Little Bits of History

Devils Tower

Posted in History by patriciahysell on September 25, 2011

Devils Tower

September 24, 1906: President Theodore Roosevelt proclaims Devils Tower a National Monument, the first ever in the United States.DevilsToweris a monolith, or igneous intrusion, located in the northeast portion of Wyoming. It rises 1,267 feet above the surrounding area. The National Monument includes the famous rock as well as 1,347 acres of surrounding lands. Nearly 400,000 people visit the tower each year and about 4,000 of them scale to the summit 5,112 feet above sea level.

A National Monument is comparable to a National Park except that a President can declare an area a Monument without waiting for the longer process which requires Congress to vote on making an area a National Park. The Monuments also receive less funding. The Antiquities Act of 1906 was passed because of concerns about protecting Native American prehistoric artifacts. The Arapaho, Crow, Cheyenne, Kiowa, Lakota, and Shoshone tribes all had cultural and geographic ties to the monolith.

Several tribes consider the site a holy place and have asked that climbing to the summit be halted entirely. The Park Service asks that climbers refrain from their pursuit in June when the monolith is part of the Native rituals and rites. About 85% of climbers respect the request but there was a suit brought stating the government was acting inappropriately for religious purposes.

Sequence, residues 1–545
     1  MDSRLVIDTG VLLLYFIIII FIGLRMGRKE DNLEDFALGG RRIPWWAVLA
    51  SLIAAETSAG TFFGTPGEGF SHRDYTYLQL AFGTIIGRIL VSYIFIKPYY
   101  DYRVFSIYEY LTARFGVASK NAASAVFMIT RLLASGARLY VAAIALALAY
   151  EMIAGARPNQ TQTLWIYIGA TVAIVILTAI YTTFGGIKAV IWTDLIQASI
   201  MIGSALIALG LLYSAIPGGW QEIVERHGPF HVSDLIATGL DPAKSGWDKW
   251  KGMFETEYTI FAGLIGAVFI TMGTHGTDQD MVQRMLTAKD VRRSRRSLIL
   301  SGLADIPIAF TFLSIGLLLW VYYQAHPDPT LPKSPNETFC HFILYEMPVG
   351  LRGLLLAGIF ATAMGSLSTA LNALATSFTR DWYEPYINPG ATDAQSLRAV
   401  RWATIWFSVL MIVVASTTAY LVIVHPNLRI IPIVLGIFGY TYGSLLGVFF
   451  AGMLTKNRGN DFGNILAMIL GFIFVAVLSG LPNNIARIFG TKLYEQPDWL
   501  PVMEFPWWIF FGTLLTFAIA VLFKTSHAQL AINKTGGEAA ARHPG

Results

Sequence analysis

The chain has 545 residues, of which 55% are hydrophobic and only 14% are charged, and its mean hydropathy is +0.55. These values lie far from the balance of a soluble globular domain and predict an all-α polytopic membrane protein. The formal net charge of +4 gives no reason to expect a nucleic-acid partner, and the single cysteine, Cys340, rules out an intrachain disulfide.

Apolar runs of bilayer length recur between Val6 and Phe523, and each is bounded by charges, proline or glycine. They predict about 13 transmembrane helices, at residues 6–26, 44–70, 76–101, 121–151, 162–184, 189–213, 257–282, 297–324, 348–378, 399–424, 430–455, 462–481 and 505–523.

There are 57 National Monuments within the National Park System covering 2,157,574 acres and a total of 93 Monuments between all departments overseeing their use. The National Park Service runs 391 parks and 60% of those areas have historic significance. The Park Service maintains a web presence to help with educational endeavors. They wish to maintain the historic places geographically as well as the timelessness of the lessons they teach.

“We cannot let our nation’s parks deteriorate beyond repair. It is essential that Congress act now to protect and restore our National Parks System.” – Brian Baird

“Protecting dark night skies in our National Parks is as vital as protecting clean air, water, wildlife and the sounds of nature.” – Thomas Kiernan

“What we don’t want to do is price the national park experience out of anyone’s lifestyle.” – James Doyle

“If you like wide-open spaces and a sense of the Old West and pioneering spirit, there’s Theodore Roosevelt National Park.” – Al Nash

Also on this day:
Powerful Serve; Best Backhand – In 1938, John Donald Budge became the first tennis player to win the Grand Slam of tennis.
Majestic 12 – In 1947, Harry S Truman did not form a secret society.

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